Because I’ve been traveling so much for the last couple of months, I missed the opening of the physics-themed art exhibit, “Measure for Measure,” at Gallery 825 in Los Angeles.
It was doubly disappointing because said exhibit was curated by noted Harvard physicist Lisa Randall, author of Warped Passages, whose other forays into melding science and culture include penning the libretto for a modern opera — not to mention a glamorous photo shoot for Vogue (thereby proving that it’s possible to be a brilliant female physicist and still rock the designer duds).
Randall and her fellow curator, LA-based artist Lia Halloran, found common ground between art and science in the theme of scale: according to Randall, ideas of scale are critical in both particle physics and general relativity and cosmology (the physics of the very big and very small), as well as in art, where making a large object small, or a trivial object extra large, can force the observer to reconsider his or her assumptions about the world.
“I wanted a theme where both art and science could participate and it wasn’t just art representing science or science pretending to be art, but where we could think deeply about ideas that underlie both of them,” she told the Culture Lab blog.
So, for instance, one artist (Meeson Pae Yang) chose to play with notions of scale in diatoms (single-celled phytoplankton), while another installation by Katrina McElroy scattered circles along a wall like so many subatomic particles, except mimicking the migratory patterns of birds.
And Susan Sironi played with illustrations from Gulliver’s Travels and Through the Looking Glass — both of which challenge the reader’s concepts of size and scale in their narratives — and matched them with actual to-scale tracings of her own body parts.
As impressive as it was, the “Measure for Measure” exhibit is not an isolated occurrence. In September, the Chicago Art Department debuted “Hard Science,” an exhibit showcasing the work of various artists who had been challenged to illustrate aspects of particle physics in their pieces. The idea came from conversations between the artists and Teppei Katori, a physics postdoc from MIT who has been working with Fermilab.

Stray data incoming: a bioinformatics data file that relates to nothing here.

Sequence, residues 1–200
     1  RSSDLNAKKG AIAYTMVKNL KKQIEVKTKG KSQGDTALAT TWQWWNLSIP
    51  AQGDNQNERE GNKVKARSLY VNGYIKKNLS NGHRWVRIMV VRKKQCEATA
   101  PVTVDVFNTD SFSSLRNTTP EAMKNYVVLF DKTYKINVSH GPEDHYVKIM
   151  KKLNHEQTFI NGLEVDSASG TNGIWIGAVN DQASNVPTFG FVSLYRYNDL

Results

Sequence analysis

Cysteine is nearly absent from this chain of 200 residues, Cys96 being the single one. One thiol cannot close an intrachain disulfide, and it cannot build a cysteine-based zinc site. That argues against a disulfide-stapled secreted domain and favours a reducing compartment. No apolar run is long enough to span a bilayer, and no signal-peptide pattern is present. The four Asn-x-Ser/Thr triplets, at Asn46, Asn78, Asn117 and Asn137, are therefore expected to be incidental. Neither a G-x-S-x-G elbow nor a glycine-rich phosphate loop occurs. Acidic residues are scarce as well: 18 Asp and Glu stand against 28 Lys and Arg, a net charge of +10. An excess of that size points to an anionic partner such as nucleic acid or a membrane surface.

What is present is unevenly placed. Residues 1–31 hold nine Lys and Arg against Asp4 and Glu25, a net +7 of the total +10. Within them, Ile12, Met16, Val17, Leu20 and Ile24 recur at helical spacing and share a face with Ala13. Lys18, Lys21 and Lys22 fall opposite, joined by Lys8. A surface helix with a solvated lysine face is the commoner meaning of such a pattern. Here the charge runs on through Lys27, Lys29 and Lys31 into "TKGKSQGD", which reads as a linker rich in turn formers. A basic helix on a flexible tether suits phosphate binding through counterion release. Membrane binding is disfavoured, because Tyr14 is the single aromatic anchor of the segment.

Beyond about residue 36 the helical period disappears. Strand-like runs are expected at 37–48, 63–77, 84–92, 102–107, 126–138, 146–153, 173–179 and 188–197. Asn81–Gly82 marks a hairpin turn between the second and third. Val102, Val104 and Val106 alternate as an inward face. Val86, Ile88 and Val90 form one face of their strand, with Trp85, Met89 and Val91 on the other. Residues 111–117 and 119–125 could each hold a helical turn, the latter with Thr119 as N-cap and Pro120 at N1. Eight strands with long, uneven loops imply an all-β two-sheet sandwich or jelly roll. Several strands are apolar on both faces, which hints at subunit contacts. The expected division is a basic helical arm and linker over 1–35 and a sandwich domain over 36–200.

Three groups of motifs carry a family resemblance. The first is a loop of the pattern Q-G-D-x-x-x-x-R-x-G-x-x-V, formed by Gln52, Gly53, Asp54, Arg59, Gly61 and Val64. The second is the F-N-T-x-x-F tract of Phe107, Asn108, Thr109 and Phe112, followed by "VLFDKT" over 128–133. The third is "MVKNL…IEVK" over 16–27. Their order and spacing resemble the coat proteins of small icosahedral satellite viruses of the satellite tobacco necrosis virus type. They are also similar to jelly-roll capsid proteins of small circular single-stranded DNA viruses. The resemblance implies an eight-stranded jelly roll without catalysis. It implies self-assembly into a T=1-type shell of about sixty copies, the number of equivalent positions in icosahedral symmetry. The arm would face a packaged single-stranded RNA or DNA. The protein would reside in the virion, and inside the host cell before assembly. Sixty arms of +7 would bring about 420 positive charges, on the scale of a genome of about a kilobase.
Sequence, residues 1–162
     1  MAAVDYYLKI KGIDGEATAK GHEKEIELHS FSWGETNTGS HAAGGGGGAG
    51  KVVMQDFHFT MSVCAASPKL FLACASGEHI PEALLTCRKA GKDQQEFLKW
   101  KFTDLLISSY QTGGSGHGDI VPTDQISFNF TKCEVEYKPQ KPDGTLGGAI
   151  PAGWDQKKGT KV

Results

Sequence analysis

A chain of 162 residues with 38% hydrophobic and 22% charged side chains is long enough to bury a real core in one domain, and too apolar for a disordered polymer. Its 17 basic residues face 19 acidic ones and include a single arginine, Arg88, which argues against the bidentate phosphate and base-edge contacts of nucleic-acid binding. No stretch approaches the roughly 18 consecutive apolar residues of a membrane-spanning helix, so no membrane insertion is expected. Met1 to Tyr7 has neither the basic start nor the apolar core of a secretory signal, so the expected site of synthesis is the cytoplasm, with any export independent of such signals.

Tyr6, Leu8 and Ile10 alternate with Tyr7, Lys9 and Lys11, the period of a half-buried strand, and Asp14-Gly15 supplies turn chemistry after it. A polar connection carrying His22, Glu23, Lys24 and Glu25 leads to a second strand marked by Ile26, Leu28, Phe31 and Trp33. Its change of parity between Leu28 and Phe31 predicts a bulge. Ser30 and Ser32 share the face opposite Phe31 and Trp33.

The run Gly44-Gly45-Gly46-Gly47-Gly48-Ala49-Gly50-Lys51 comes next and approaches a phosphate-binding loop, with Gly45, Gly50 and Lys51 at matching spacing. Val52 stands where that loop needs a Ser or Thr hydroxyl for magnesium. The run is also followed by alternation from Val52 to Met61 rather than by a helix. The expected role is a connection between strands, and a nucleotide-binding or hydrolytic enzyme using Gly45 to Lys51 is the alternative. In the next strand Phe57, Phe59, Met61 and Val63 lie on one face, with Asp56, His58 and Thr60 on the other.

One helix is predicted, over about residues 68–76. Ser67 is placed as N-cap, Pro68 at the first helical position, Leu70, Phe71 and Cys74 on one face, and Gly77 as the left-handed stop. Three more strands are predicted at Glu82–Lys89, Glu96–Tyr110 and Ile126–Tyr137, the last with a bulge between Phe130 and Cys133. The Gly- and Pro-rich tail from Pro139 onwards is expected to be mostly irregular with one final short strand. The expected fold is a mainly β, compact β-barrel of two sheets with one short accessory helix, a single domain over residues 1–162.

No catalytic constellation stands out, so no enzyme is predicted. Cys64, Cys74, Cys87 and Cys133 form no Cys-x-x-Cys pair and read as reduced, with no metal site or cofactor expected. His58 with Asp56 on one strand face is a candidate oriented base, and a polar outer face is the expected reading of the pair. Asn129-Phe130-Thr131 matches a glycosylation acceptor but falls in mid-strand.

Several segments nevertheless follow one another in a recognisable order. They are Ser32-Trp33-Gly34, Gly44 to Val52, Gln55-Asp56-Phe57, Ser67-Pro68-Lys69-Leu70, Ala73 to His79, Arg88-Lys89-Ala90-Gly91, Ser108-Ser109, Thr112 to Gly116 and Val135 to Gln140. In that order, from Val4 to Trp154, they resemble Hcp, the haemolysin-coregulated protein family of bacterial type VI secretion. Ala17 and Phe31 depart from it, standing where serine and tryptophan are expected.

It was certainly a daunting challenge for the artists, most of whom lacked any scientific background. “I didn’t understand the title of Teppei’s thesis. I couldn’t get through listening to one sentence,” artist Chuck Przybyl told Symmetry Breaking. Not only did they have to grasp the concepts, the artists then had to figure out how to recast those concepts for a general (art-loving) audience. Fortunately, the artists weren’t required to necessarily get the science 100% right, just to play with ideas like time, space, symmetry, and cosmology, hopefully inspiring viewers to explore those topics in more detail.
So there were pencil and ink sketches evoking the Higgs field and associated boson, while Katori himself contributed an installation featuring a series of photomultiplier tubes — used as detectors by particle physicists — that drew parallels with clay veins and nerves. “This device is an extension of your body,” he said, comparing it to “an eyeball for the physicist.”
And sometimes there are full-fledged collaborations between artist and scientist, such as the partnership between artist Josiah McElheny and cosmologist David Weinberg, during McElheny’s art residency at Ohio State University. The goal was to depict the big bang in sculpture form, and Weinberg even submitted a paper on arXiv detailing some of the scientific concepts at play in the finished installation.
For instance, there center of the sculpture is the singularity — the point of origin for the universe — and as one moves outward from that center, it’s meant to evoke the evolution of the cosmos through its 13.7-billion-year history. There are 230 rods jutting out from the piece, of random lengths, capped with various glass discs and spheres to represent clusters of galaxies — and the occasional lamp representing a quasar (pictured top).
McElheny even endeavored to keep the scale reasonably accurate, with “each 7.2 inches of the sculpture correspond to a factor of two times cosmic expansion, giving the piece a 1000-fold growth at its outermost point.” The piece would fit quite nicely in Randall’s “Measure for Measure” exhibit — should it ever be reprised on go on a national gallery tour.
Image credit: Los Angeles Art Association